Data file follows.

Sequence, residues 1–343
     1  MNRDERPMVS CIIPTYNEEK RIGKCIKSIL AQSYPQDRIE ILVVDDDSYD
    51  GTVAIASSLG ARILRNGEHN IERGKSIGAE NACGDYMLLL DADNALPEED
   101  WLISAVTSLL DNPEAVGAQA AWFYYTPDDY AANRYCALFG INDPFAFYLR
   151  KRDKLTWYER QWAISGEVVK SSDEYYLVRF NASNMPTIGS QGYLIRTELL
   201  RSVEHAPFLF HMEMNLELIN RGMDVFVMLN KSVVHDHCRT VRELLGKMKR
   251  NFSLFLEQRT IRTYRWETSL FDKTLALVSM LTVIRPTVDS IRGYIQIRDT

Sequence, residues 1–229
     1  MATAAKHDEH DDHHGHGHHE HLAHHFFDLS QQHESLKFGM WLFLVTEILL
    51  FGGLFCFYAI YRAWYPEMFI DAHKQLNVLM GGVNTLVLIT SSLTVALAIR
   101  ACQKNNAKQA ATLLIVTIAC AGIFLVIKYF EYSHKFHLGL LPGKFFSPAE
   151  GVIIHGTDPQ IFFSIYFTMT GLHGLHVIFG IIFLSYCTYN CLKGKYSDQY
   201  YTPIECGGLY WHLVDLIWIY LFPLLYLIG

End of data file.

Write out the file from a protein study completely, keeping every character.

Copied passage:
Sequence, residues 1–343
     1  MNRDERPMVS CIIPTYNEEK RIGKCIKSIL AQSYPQDRIE ILVVDDDSYD
    51  GTVAIASSLG ARILRNGEHN IERGKSIGAE NACGDYMLLL DADNALPEED
   101  WLISAVTSLL DNPEAVGAQA AWFYYTPDDY AANRYCALFG INDPFAFYLR
   151  KRDKLTWYER QWAISGEVVK SSDEYYLVRF NASNMPTIGS QGYLIRTELL
   201  RSVEHAPFLF HMEMNLELIN RGMDVFVMLN KSVVHDHCRT VRELLGKMKR
   251  NFSLFLEQRT IRTYRWETSL FDKTLALVSM LTVIRPTVDS IRGYIQIRDT

Sequence, residues 1–229
     1  MATAAKHDEH DDHHGHGHHE HLAHHFFDLS QQHESLKFGM WLFLVTEILL
    51  FGGLFCFYAI YRAWYPEMFI DAHKQLNVLM GGVNTLVLIT SSLTVALAIR
   101  ACQKNNAKQA ATLLIVTIAC AGIFLVIKYF EYSHKFHLGL LPGKFFSPAE
   151  GVIIHGTDPQ IFFSIYFTMT GLHGLHVIFG IIFLSYCTYN CLKGKYSDQY
   201  YTPIECGGLY WHLVDLIWIY LFPLLYLIG